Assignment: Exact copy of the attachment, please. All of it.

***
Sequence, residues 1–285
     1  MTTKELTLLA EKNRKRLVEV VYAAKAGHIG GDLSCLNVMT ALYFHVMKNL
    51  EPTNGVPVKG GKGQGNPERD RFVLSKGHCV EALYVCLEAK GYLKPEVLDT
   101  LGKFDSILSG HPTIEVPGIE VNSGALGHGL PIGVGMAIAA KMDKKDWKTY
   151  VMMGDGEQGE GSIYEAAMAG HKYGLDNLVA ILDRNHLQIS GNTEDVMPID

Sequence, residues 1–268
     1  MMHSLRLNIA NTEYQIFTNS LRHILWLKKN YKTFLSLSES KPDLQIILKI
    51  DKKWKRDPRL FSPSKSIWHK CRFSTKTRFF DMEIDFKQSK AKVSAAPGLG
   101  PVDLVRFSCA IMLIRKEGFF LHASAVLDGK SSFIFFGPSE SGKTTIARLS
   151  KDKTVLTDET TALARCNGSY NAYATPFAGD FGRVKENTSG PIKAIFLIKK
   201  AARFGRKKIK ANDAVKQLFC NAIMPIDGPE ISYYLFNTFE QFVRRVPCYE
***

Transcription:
Sequence, residues 1–285
     1  MTTKELTLLA EKNRKRLVEV VYAAKAGHIG GDLSCLNVMT ALYFHVMKNL
    51  EPTNGVPVKG GKGQGNPERD RFVLSKGHCV EALYVCLEAK GYLKPEVLDT
   101  LGKFDSILSG HPTIEVPGIE VNSGALGHGL PIGVGMAIAA KMDKKDWKTY
   151  VMMGDGEQGE GSIYEAAMAG HKYGLDNLVA ILDRNHLQIS GNTEDVMPID

Sequence, residues 1–268
     1  MMHSLRLNIA NTEYQIFTNS LRHILWLKKN YKTFLSLSES KPDLQIILKI
    51  DKKWKRDPRL FSPSKSIWHK CRFSTKTRFF DMEIDFKQSK AKVSAAPGLG
   101  PVDLVRFSCA IMLIRKEGFF LHASAVLDGK SSFIFFGPSE SGKTTIARLS
   151  KDKTVLTDET TALARCNGSY NAYATPFAGD FGRVKENTSG PIKAIFLIKK
   201  AARFGRKKIK ANDAVKQLFC NAIMPIDGPE ISYYLFNTFE QFVRRVPCYE